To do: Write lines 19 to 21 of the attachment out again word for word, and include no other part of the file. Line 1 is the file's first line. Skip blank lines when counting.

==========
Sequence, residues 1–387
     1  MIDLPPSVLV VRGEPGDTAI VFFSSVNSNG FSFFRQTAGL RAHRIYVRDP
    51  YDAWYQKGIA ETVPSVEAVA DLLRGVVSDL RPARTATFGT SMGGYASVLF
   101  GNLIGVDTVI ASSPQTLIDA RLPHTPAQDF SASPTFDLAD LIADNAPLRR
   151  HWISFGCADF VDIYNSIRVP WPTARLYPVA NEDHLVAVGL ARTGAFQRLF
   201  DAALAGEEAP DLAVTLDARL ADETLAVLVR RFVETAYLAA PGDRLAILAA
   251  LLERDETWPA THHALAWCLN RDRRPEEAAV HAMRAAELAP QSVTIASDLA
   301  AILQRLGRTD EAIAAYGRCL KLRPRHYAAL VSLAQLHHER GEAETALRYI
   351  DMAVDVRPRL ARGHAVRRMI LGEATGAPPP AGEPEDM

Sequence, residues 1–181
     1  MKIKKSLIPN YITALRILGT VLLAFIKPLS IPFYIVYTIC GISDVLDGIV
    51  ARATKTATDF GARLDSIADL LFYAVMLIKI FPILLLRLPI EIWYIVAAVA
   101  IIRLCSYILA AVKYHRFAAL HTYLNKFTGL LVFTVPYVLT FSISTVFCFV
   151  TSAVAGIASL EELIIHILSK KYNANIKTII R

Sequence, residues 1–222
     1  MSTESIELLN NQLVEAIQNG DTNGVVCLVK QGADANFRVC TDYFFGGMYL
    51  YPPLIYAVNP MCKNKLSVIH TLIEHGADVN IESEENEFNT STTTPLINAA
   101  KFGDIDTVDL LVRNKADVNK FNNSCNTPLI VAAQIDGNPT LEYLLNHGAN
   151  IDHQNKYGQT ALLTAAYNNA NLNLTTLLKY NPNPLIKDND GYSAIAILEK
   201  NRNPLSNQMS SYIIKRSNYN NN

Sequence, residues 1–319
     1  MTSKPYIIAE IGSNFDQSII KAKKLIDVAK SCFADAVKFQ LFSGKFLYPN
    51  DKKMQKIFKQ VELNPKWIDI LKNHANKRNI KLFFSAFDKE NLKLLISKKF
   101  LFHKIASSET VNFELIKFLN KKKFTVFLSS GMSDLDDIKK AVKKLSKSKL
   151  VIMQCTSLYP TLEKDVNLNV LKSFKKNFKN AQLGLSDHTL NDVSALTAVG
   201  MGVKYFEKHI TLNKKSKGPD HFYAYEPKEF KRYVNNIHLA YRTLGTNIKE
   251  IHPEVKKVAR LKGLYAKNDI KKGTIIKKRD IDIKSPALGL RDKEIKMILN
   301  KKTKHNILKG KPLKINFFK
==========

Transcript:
   151  IDHQNKYGQT ALLTAAYNNA NLNLTTLLKY NPNPLIKDND GYSAIAILEK
   201  NRNPLSNQMS SYIIKRSNYN NN

Sequence, residues 1–319